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University of Minnesota
January 18, 2011
Venus's Sapas Mons (foreground) and Maat Mons volcanoes are among the rugged features of our hot, cloudy sister planet.
By Deane Morrison
A changing of the guard begins in February, with Jupiter dropping through the evening sky to the west just as Saturn stages an entrance to the east.
February opens with Jupiter's golden orb shining above the western horizon. But its dominance wanes with the winter, and by the end of March it is destined to become lost in the sun's afterglow.
In contrast, Saturn rises about 90 minutes before midnight at the beginning of February and appears earlier each night. With Jupiter already having set, Saturn is a solitary sojourner across the night sky, devoid of planetary company until the predawn hours. But its rings are open enough to make it well worth a look through a telescope.
Venus still rules the morning sky, but it is starting to sink into the sun's foreglow. Catch it in the first two weeks of the month, before it loses too much altitude and luster.
In February Sirius, the brightest of stars, and its constellation, Canis Major, are at their highest in the south after nightfall. If you've never seen Canis Major, grab a star map and try tracing the outline of Orion's bigger hunting dog.
If you’re looking for hard-to-find constellations, turn your sights just below Orion, where Lepus, the hare, crouches. Sharp eyes (or a pair of binoculars) will help you find its “rabbit ears” sticking up in a faint “V” just below Rigel, the southwestern star in Orion’s hourglass figure.
Besides being fun, Groundhog Day is a tradition with astronomical roots. Our modern rodent-run holiday started out as the Celtic feast of Imbolc, or lamb’s milk, celebrating the lambing season. It was one of four cross-quarter days falling halfway between a solstice and an equinox. As the reasoning went, a cloudy, shadow-free day was a harbinger of rains, a softening earth and an early start to spring planting. But a clear day meant more cold, frozen ground and shivering.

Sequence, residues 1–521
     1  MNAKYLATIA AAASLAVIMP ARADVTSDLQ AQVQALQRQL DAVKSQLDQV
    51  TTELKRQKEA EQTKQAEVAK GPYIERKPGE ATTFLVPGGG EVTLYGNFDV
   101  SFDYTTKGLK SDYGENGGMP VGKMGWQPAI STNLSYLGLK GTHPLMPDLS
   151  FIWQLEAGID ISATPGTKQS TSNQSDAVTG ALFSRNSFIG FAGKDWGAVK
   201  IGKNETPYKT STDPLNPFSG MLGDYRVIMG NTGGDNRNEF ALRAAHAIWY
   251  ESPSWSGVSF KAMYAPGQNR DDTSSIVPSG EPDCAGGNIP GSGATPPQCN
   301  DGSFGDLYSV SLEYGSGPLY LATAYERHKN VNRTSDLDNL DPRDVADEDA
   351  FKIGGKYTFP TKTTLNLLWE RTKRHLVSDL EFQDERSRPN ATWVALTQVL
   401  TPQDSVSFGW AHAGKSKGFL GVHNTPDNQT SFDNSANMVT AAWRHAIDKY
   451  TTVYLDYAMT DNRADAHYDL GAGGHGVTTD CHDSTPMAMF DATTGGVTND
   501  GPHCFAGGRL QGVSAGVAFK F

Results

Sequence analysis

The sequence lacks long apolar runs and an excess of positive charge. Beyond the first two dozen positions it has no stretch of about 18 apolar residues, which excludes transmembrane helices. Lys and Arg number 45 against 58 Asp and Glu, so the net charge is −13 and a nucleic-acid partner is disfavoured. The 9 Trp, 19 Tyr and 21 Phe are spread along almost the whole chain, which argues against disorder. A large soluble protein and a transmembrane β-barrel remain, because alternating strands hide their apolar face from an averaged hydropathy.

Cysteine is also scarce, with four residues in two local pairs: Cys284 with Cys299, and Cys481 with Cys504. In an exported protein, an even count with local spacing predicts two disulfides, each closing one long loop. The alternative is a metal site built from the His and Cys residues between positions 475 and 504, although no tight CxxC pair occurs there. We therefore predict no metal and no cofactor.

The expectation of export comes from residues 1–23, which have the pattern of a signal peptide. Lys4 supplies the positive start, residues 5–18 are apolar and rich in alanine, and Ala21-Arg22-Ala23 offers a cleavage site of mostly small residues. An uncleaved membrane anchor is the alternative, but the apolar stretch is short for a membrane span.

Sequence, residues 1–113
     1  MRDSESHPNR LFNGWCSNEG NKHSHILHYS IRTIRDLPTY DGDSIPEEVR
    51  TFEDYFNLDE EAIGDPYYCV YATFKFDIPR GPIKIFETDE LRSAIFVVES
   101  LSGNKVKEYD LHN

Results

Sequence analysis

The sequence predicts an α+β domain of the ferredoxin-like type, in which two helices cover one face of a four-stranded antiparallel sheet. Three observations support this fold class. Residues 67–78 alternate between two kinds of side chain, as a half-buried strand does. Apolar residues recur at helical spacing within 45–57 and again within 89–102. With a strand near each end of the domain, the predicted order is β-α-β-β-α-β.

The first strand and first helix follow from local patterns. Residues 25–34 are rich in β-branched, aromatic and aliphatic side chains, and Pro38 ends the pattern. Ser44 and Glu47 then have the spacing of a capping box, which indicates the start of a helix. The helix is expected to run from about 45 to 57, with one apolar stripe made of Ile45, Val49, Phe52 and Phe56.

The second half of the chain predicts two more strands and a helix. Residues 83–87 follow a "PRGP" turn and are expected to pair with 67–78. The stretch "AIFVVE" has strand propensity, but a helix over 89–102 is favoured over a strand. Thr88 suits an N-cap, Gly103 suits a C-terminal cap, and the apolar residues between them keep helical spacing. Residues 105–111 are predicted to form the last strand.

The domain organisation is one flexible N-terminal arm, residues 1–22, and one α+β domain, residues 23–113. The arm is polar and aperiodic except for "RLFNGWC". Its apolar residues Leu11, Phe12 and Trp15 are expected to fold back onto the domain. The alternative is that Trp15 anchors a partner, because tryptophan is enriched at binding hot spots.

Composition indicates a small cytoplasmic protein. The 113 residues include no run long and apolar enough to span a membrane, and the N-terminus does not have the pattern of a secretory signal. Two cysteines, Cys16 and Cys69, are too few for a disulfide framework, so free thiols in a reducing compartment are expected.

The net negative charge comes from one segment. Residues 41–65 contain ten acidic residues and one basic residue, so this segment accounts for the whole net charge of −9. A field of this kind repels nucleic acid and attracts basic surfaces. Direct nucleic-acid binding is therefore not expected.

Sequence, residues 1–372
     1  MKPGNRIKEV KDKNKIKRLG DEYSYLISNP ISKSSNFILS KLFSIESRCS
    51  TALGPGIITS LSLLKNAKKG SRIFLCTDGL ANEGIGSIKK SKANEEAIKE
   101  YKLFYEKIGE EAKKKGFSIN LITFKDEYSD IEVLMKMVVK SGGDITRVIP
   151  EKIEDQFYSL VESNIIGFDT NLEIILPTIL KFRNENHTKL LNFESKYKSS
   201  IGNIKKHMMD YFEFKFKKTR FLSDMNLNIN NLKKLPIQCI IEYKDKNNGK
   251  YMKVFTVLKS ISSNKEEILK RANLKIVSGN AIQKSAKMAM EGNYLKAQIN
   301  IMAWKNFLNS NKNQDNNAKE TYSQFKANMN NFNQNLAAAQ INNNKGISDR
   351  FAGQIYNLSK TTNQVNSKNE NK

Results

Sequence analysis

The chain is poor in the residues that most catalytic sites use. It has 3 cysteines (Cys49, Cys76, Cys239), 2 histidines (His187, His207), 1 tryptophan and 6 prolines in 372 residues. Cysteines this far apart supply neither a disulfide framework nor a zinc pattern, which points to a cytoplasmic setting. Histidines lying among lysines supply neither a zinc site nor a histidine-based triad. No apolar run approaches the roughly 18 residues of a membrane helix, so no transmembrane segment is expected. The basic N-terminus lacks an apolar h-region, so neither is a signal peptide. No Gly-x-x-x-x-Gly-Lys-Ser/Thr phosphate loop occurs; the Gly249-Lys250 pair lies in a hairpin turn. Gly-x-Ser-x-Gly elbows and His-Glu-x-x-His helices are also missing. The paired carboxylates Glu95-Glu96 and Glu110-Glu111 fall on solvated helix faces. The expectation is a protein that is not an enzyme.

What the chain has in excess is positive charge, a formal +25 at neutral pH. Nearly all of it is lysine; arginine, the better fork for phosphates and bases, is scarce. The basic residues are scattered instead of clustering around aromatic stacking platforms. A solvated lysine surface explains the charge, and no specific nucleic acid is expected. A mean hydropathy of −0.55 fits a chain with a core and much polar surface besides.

Some of us may equate February with the dead of winter, but late February always has a couple of treats in store. Look an hour or two after sunset for a soft, broad finger of light pointing back along the sun's path. This is the zodiacal light, a reflection of sunlight off a disc of dust that stretches far into space in the plane of the solar system.
And if you’re really lucky, you may see a very faint oval of light against a dark sky, exactly opposite to wherever the sun is at the time. This is the Gegenschein, or counterglow, and it is also the result of reflections off dust. The best time to look is close to midnight, when the Gegenschein will be high in the south—the spot where a full moon would be at that time. In fact, the dust particles in the Gegenschein shimmer so much because we’re seeing them, too, in full phase.
Algonquin Indians called February’s full moon the snow moon, as snows tend to be heaviest this month. It was also known as the hunger moon, because hunting was hard in the deep snow. This year it rises the evening of the 17th and reaches perfect fullness several hours later, at 2:36 a.m. on the 18th.
The University of Minnesota offers public viewings of the night sky at its Duluth and Twin Cities campuses. For more information and viewing schedules, see:
Duluth, Marshall W. Alworth Planetarium: www.d.umn.edu/planet
Twin Cities, Department of Astronomy (during fall and spring semesters): www.astro.umn.edu/outreach/pubnight
1/21/11 Contact: Deane Morrison, University Relations, (612) 624-2346, email@example.com
Find U of M astronomers and links to the world of astronomy at http://www.astro.umn.edu.